Nurses need support!
Isn’t it interesting how at work we never notice how truly invaluable our support people are until they are gone? There are tons of jobs out there that make what doctors and nurses do possible, and when those jobs are empty, we healthcare people hurt.
For example, my unit has recently laid off all the techs. On labor and delivery we are not too affected by this, but I know the mom/baby nurses are struggling. The techs did their vitals, ADL’s and were huge a huge help.
Now the nurses on that side of the unit are even more stressed and working conditions are pretty rough. I had a small taste of this the other night when I was ready to help with the delivery of a baby but was stuck at the nurses station asnwering one phone call and call light after another and buzzing people onto the unit because our unit secretary was floated off the unit. Basically I had to leave another nurse on her own w/ a huge workload which is not how I like to work. Thankfully no emergencies occured!
I know our med/surg unit also lost their techs and nurses are struggling to get everything done. Many nurses stay way past their shifts end just to catch up because the extra tasks have seriously cut into their routines and charting is a last priority. I’ve recently seen nurses still charting at 10AM (our shift is over at 7AM).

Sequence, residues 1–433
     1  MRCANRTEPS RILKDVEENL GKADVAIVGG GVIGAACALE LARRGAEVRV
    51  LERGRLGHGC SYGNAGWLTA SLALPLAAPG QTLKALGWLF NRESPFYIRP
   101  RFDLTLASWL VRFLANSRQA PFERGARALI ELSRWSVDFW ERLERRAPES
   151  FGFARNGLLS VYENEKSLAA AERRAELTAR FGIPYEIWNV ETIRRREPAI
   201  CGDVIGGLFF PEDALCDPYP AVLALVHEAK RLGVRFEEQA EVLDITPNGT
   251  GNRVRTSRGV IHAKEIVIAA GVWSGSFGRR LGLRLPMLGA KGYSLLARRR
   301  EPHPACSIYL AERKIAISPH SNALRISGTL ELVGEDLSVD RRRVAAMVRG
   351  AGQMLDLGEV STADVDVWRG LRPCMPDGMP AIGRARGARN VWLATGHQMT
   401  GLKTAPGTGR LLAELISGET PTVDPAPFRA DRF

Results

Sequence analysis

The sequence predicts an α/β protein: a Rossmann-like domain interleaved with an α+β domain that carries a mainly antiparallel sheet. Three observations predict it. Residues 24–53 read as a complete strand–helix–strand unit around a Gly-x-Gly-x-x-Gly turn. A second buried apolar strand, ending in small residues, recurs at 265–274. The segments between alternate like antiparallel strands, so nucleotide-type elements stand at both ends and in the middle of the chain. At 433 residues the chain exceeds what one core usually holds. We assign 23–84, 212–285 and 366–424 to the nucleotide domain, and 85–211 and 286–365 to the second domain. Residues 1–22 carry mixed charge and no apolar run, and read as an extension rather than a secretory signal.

And things are absolutely awful when we don’t have a unit secretary—honestly, answering phones, call lights, putting in orders, etc are things I rarely have time for. Plus we nurses aren’t trained on half the things the unit sec. does, so when she is gone we are not only behind but we are confused as well. It really is the blind leading the blind when we nurses and teh doctors can’t get the paperwork and computer figured out!
There is a definite waterfall affect when we don’t have the support & human resources we need on the unit. Our patients receive inferior care because we are hustling to cover where there are holes. Plus things get missed and correcting mistakes is very time consuming.
Hopefully when the economy improves our hopsitals can start restoring some of these support positions on our units—I know people need the jobs that were taken from them, and as a nurse I highly value the people who make my job more efficient, more patient centered, and frankly, much more enjoyable on the whole.
Amy is many things: a blogger, a nurse, a wife, a mom, a childbirth educator. She started her journey towards a career in nursing when she got pregnant with her first child. After nursing school and studying "like she has never studied before" she entered the nursing profession eager to get her feet wet. The first years provided her with much exposure to sadness, joy and other complex human emotions. She feels that blogging is a wonderful outlet and a way for nurse bloggers to further build their community. Traditionally, midwives have handed down their skill set from midwife to apprentice midwife. She believes nurses have this same opportunity: to pass from nurse to new nurse the rich traditions of this profession.
By Amy Bozeman